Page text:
The St. Louis Blues and their fans don’t have much to complain about lately. The team is 9-3-1 in their last 13 games played, have points in seven of their last eight road games, and have been steadily increasing their goals per game (GPG) averages thanks to more balanced scoring.
With the league’s highest percentage of key-man-games missed due to injury (420.69 IIT-CFRel%, 2. MTL- 386.84) it’s amazing that the team is even within reach of their 3rd Central Division title, so things are looking good in the Gateway to the West. However, the team still has one glaring problem and it’s a lack of killer instinct.
Why Finishing Off Teams is so Important
Though the Blues have been much better at winning, or at least gaining the valuable 2nd point, in close games over the last couple of seasons, the team still struggles with cramming the accelerator to the floor to finish teams off and not giving them hope of a comeback.
Sunday night’s game in Minnesota was the latest installment in the ‘Blues give their fans a heart attack’ series, as they watch another three-goal lead (almost) disappear late in the 3rd period, and showed that this problem still needs to be addressed. Teams who don’t let up leads tend to go deeper in the postseason, as they can protect their offense with shut down defense to get those precious W’s to help secure playoff series.
The Blues defense is among the best in the league as a whole, but their consistency has been questioned as they seem to stop moving their feet when the team is up a couple of goals (or more). Though much of these struggles actually come from lax back-checking forwards who lose/miss assignments as (Dmitrij Jaskin did against Ryan Suter Sunday), the team as a whole needs to make sure their on-ice communication stays high, especially when they have a lead. That way their opponents never see any light at the end of the tunnel, and the Blues secure a solid victory to build off of moving forward.
‘Lock it Up’
Over the aforementioned 13-game stretch (where the Note have gone 9-3-1) the team has actually kept things much closer than the team or fans would like, including different comeback situations (by opposing teams) in seven of the nine wins. Though the opposition has been chock full of high caliber teams clawing for playoff positioning, the Blues have let their foot off the gas pedal too often and it has given their opponents too much life in almost every occasion.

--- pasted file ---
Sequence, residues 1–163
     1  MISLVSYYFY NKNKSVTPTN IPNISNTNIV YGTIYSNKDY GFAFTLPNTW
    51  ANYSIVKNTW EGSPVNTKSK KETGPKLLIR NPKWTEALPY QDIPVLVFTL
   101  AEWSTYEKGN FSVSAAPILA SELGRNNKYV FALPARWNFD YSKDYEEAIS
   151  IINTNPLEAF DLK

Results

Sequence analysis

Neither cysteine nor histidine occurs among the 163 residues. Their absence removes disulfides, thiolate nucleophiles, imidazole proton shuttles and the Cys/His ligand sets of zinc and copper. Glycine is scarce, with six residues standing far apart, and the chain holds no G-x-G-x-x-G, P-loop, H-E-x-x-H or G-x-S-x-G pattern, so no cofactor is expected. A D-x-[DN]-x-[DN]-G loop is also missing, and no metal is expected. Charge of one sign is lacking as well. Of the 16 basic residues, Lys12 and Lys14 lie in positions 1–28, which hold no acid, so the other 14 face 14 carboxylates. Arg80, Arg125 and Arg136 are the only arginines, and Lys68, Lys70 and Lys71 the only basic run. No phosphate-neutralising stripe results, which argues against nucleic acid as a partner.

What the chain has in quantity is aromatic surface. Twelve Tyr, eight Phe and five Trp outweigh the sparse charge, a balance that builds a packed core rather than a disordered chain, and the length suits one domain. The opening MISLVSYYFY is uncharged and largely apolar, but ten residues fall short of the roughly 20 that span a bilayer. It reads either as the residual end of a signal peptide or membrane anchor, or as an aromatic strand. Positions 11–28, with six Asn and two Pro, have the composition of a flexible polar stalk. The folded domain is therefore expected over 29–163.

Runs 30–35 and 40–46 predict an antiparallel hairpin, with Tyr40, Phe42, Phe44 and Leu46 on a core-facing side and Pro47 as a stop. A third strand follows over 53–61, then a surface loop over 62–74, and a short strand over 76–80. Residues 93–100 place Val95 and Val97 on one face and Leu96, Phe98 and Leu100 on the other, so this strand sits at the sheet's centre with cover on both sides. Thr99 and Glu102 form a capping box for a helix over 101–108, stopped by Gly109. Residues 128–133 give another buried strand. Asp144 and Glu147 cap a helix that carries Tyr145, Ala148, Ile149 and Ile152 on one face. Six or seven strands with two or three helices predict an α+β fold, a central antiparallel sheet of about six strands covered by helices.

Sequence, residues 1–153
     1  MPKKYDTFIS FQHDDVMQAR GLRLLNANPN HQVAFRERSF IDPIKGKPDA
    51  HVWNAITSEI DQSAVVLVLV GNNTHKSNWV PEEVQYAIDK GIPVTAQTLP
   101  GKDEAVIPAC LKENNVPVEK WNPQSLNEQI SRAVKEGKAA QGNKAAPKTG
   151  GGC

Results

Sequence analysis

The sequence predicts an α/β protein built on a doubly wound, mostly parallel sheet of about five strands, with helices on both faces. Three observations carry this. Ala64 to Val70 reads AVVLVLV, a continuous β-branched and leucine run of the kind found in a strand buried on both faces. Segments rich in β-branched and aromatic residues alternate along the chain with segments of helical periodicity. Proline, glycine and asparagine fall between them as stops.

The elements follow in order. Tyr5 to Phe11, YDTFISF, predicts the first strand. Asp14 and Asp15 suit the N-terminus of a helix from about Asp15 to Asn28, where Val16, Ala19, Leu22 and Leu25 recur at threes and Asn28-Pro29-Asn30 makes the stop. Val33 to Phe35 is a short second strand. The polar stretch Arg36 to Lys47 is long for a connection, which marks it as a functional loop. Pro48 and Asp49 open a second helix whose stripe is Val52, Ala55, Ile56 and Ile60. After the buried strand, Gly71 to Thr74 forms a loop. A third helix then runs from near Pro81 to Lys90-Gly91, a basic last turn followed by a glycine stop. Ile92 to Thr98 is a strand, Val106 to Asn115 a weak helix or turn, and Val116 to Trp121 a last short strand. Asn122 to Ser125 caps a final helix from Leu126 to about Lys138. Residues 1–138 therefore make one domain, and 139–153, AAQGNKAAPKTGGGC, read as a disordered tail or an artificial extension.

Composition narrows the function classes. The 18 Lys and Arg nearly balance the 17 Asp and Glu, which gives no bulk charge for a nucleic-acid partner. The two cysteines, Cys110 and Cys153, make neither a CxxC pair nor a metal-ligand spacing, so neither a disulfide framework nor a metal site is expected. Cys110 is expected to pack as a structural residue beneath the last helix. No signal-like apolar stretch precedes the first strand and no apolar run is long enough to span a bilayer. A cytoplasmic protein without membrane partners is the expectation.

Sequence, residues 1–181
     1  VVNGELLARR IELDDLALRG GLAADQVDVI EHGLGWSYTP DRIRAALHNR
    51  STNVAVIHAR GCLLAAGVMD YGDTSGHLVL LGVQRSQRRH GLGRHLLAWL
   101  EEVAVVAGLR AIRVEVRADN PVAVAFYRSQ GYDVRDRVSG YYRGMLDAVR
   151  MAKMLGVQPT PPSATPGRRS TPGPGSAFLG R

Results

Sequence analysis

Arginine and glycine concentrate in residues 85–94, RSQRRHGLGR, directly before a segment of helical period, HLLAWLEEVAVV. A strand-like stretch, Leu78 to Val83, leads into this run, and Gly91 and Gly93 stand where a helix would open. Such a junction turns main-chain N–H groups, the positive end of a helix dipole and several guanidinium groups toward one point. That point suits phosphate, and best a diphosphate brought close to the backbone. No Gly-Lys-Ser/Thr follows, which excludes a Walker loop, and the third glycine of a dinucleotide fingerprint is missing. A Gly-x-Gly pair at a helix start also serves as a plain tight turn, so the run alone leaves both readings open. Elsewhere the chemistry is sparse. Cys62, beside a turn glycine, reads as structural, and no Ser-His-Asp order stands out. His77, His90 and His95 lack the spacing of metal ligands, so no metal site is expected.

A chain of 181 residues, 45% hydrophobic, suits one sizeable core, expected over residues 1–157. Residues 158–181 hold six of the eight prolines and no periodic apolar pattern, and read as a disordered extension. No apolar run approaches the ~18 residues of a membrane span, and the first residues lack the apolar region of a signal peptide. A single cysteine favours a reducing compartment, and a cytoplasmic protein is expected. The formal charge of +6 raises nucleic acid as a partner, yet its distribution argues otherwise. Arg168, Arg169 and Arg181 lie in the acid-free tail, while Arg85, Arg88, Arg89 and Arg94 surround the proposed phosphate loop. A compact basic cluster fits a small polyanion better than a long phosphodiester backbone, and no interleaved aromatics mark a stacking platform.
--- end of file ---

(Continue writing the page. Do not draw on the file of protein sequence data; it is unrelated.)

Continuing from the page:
In the nine wins the Blues have racked up over their last 13, those seven close games saw at least a one-goal lead squandered, including four, three-goal leads turn into ties or one-goal affairs. In the remaining three wins (of the seven in question) the Blues actually let one, and two-goal leads slip, but were able to pull out two overtime victories thanks to Kevin Shattenkirk (against Dallas) and Jaden Schwartz (against LA).
If this wasn’t enough to raise a brow, the stats get worse when looking at the season as a whole. The Note have actually been on the wrong end of too many two, and three-goal games, where most playoff teams see their winning percentages improve, but the Note have seen theirs decrease. They are only 9-8 in two-goal games, and 7-9 in three-goal contests showing they don’t go up by much on teams very often. The Blues are also tied for 3rd overall in losses after leading for two-periods of a game (6, including OTL’s) and they are 24th overall in win-percent when leading for two-periods of a game (.786, 1. PIT 1.00). If the team isn’t able to find that drive after scoring a couple of goals, this year’s playoffs will be more of the same old story in St. Louis.
The Bright Side
Though this lack of killer instinct issue has reared its ugly head, the team has actually been playing very well since the All-Star break ended. The team is 10-4-1 since the skill session played out at the end of January, and have raised their GPG average from 2.42, to 2.67 over that same span. Hopefully the Blues can build on their recent momentum which has seen them keep pace with Central Division powerhouses Chicago and Dallas so they can gain favorable playoff positioning to make it easier on themselves in the postseason.
That way they can focus on finding their killer instinct in round-1, on the way to at least a two-round playoff run, something the fans have been waiting for since 2012. To do so the team needs to focus on their on-ice communication, and continuing to dictate the pace of play even after in-game momentum shifts. If the Blues can ride the wave and play a true 200-foot game after their opposition starts pushing back, they should find themselves a lot closer to a Stanley Cup than many realize this year and beyond.
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* Featured image provided by Amy Irvin / The Hockey Writers